Prosecutors sought a harsher sentence for man who confronted a pregnant African American woman at a Fullerton bus stop.
Orange County Register, May 20 2019
By SEAN EMERY
A man who angrily confronted, threatened and yelled racial slurs at a pregnant African-American woman at a Fullerton bus stop was sentenced Monday to five years in prison over the objections of prosecutors who said he should have received a longer sentence because of his violent past.
Tyson Theodore Mayfield, 43, accepted a court offer requiring he plead guilty to making criminal threats and violating someone’s civil liberties and admitted to committing a hate crime.
The case drew the personal attention of Orange County District Attorney Todd Spitzer, who along with several senior members of his staff attended a pair of hearings in recent weeks opposing the offers presented to Mayfield by Orange County Superior Court Judge Roger B Robbins. The judge initially offered Mayfield two years behind bars, Spitzer said, before upping it to five years in prison, a sentence prosecutors still say is too light.
The judge, as well as Mayfield’s attorney, noted that the confrontation with the woman at the bus stop was not as violent as Mayfield’s past offenses, that he did not use a weapon or cause any injuries, and that he had accepted responsibility for his actions at an early stage of the legal proceedings. Mayfield did not speak during the hearing beyond confirming for the judge that he understood the deal.
On Sept. 17, Mayfield yelled racial slurs at a pregnant woman waiting for her boyfriend at the Fullerton Transportation Center, which includes a train station. Mayfield, who prosecutors describe as shirtless while confronting the woman and having multiple swastika and white supremacist tattoos, threatened to make her “drop her baby,” according to court filings.
The woman pepper-sprayed Mayfield, who ran off before officers arrived, according to court filings. He soon returned, prosecutors said, and once again began yelling racial slurs and threatening the woman, who ran to a nearby cafe for safety until officers returned to take Mayfield into custody.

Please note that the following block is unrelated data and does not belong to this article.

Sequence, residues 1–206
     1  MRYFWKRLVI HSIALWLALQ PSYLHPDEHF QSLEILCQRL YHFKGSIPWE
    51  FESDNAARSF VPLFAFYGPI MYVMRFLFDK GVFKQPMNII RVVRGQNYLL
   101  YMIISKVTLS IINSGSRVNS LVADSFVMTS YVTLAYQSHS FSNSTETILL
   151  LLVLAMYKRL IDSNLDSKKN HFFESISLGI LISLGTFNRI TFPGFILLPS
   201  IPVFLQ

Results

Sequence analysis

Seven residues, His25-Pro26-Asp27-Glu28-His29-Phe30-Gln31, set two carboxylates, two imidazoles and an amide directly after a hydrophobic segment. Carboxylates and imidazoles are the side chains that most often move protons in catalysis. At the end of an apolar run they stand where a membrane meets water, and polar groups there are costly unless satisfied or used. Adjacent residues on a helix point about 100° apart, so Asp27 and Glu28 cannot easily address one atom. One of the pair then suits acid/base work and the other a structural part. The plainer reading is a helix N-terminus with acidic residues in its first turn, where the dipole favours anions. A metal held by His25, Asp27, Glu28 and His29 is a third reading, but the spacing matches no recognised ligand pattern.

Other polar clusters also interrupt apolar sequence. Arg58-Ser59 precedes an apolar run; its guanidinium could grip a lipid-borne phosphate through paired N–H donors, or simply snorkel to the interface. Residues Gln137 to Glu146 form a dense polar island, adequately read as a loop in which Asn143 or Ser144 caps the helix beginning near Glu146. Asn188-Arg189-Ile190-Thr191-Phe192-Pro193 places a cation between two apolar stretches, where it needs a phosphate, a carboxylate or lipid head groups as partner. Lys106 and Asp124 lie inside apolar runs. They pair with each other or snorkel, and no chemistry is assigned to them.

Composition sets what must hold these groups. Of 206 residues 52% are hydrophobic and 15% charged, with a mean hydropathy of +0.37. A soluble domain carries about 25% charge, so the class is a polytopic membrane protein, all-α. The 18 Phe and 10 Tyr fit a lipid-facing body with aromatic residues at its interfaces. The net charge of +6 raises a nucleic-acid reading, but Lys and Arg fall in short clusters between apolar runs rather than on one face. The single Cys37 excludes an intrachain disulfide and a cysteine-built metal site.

“I had to literally run for my life and the life of my unborn child when I was eight months pregnant,” the victim told Judge Robbins on Monday. “I feel he should be in prison for a very long time.”
It was the latest in a string of violent incidents carried out by Mayfield. According to court records, in 2005 Mayfield stabbed a man in the face in Orange, the same year punched a man at a gas station after approaching a couple asking for change and, in 2017, pummeled a man in Fullerton after asking for a lighter. Mayfield appeared to choose his victims based on the color of their skin and attacked with no provocation.
“He is a dangerous person,” Spitzer told the judge. “There is just no question he is a racist. … Quite frankly, he scares me, and he scares a lot of people.”
After the hearing, in a courtroom hallway, Spitzer talked with civil rights activists who had attended the hearing, including heads of the local chapters of the NAACP, the Anti-Defamation League and the county’s human relations commission. He said he is taking a hands-on role in the prosecution of hate crimes, which he noted have increased in recent years both locally and nationally.
“I made a big commitment when I ran for office that we will not tolerate hate in this community,” Spitzer said.
Had he been convicted as charged, Mayfield would have faced up to 38 years to life in prison. With credit for time already served awaiting trial, prosecutors estimated that he will likely spend around two and a half more years behind bars.